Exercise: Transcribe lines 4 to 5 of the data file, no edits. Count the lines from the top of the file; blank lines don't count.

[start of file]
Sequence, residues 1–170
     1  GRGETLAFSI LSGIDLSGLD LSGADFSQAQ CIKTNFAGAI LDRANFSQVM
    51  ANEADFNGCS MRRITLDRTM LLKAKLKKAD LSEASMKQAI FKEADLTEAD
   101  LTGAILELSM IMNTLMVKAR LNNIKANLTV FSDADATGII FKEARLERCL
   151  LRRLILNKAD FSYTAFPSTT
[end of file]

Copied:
   101  LTGAILELSM IMNTLMVKAR LNNIKANLTV FSDADATGII FKEARLERCL
   151  LRRLILNKAD FSYTAFPSTT